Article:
Study Help Full Glossary for The Education of Henry Adams


abate to make less in amount or degree.

abet to incite, sanction, or help, especially in wrongdoing.

abject of the lowest degree; miserable; wretched.

abstruse hard to understand.

affiches (French) posters, placards.

âme damnée (French) stooge; a foil or underling.

anachronism anything out of its proper time in history, especially earlier than its time.

animus a feeling of hostility or hatred.

antinomy a contradiction or inconsistency between two laws, principles, and so on.

aperture an opening, hole, or gap.

assent agree; concur.

atrophy a wasting away, especially of body tissue, due to disuse or lack of nutrition.

audaciously boldly, fearlessly.

audacity bold courage, daring.

avatar incarnation of a god or of some quality in a person.

aver to declare to be true.

bêtise (French) blunder.

blackguard scoundrel, villain.

bouffée (French) puff, gust, bombast.

bourgeoisie (French) the middle class, often regarded as having conventional beliefs, attitudes, and so on.

brevet a military promotion to higher honorary rank but without higher pay.

bric-à-brac small, rare, or artistic objects placed about a room for decoration.

Cain Old Testament son of Adam & Eve; he killed his brother Abel (Genesis 4).

cant special words or phrases used by those in a particular occupation.

captious fond of catching others in mistakes; quick to find fault.

Cassini Count Arthur P. Cassini, Russian ambassador to the United States in 1903.

casuistry the application of general principles of ethics to specific issues.

Chose sublime! un Dieu qui croit en Dieu! What a sublime thing! a God who believes in God!

Civitas Dei, Civitas Romae (Latin) City of God, City of Rome; the former refers to Saint Augustine's (354-430) De civitate Dei; the later is a secular reference.

coercion an act of restraining or constraining by force of any kind.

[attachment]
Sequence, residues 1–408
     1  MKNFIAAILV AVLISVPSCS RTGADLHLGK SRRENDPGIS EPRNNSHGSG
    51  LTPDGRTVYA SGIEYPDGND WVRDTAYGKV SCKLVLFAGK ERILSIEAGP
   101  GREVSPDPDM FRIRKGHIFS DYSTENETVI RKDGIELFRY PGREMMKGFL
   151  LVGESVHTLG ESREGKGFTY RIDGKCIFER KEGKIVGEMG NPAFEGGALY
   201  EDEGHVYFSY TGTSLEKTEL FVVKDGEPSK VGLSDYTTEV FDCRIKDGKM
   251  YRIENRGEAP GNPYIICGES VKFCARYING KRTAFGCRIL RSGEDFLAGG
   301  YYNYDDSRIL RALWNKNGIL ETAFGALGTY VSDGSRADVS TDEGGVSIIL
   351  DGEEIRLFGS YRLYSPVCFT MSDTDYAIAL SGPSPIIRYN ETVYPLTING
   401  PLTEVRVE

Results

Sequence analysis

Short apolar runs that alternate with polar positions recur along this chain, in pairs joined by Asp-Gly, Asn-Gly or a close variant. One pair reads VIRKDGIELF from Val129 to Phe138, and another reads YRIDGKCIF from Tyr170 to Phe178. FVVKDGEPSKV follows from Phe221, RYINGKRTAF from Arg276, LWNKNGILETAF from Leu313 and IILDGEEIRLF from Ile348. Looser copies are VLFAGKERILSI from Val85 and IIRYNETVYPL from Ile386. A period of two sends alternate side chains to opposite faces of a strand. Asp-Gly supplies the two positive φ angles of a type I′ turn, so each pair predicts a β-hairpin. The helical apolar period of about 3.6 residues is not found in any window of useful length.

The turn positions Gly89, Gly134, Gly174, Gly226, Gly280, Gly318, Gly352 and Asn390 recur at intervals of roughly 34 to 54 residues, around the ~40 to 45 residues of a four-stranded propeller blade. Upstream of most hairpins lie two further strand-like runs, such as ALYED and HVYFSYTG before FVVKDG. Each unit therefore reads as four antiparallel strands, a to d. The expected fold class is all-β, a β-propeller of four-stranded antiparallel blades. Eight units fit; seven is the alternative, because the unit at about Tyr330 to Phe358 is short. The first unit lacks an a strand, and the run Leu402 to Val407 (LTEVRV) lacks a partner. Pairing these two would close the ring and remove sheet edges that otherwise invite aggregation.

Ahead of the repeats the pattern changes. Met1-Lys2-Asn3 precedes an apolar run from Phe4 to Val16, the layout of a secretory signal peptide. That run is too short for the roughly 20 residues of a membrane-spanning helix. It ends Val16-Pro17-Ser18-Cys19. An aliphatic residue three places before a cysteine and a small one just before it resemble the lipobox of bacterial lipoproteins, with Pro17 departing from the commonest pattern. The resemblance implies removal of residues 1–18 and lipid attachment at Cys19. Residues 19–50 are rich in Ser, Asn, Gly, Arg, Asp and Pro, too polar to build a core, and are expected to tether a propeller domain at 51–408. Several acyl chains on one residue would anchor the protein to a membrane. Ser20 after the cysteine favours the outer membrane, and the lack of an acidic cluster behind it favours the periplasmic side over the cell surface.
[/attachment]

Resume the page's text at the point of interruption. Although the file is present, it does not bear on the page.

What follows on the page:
collusion a secret agreement for fraudulent or illegal purpose; a conspiracy.

conclave a private or secret meeting.

conundrum a puzzling question or problem.

coquetry flirting.

crank informal word for an eccentric person.

Cromwellian revolutionary; after Oliver Cromwell (1599-1658), English political leader.

croupiers a person in charge of a gambling table.

culbute (French) somersault; downfall.

curates clergymen.

débâcle overwhelming defeat or total failure.

debauch to lead astray morally; to corrupt.

décousu (French) unconnected, disjointed.

deferentially in a courteous or respectful manner.

delirium tremens a violent reaction to alcohol or alcoholic withdrawal, characterized by sweating, trembling, anxiety, and frightening hallucinations.

demimonde (French) the class of women who have lost social standing due to sexual promiscuity; prostitutes.

derisive showing or provoking contempt or ridicule

desultory disconnected, random, lacking direct relevance.

desultory disconnected; passing from one thing to another in an aimless way.

diffidence lack of confidence in oneself.

disconcerted frustrated, confused, or embarrassed.

doctrinaire a person who dogmatically applies theory regardless of practical problems.

dynamometer an apparatus for measuring force or power.

dyspepsia indigestion.

Elbe and Spree rivers in Germany.

electric tram here, the basket or car of an overhead conveyor.

The Emancipation Proclamation Revealed by Lincoln to his Cabinet on September 22, 1862, and taking effect on January 1, 1863, it frees the slaves in all states and territories at war with the Union.

embêtement (French) nuisance, a bother.

enfant terrible (French) an unmanageable, mischievous child.

enigma a perplexing, usually ambiguous, statement; a riddle.

ennui boredom, as from inactivity.

fabulist a person who writes or tells fables.

fatuity stupidity, especially complacent stupidity.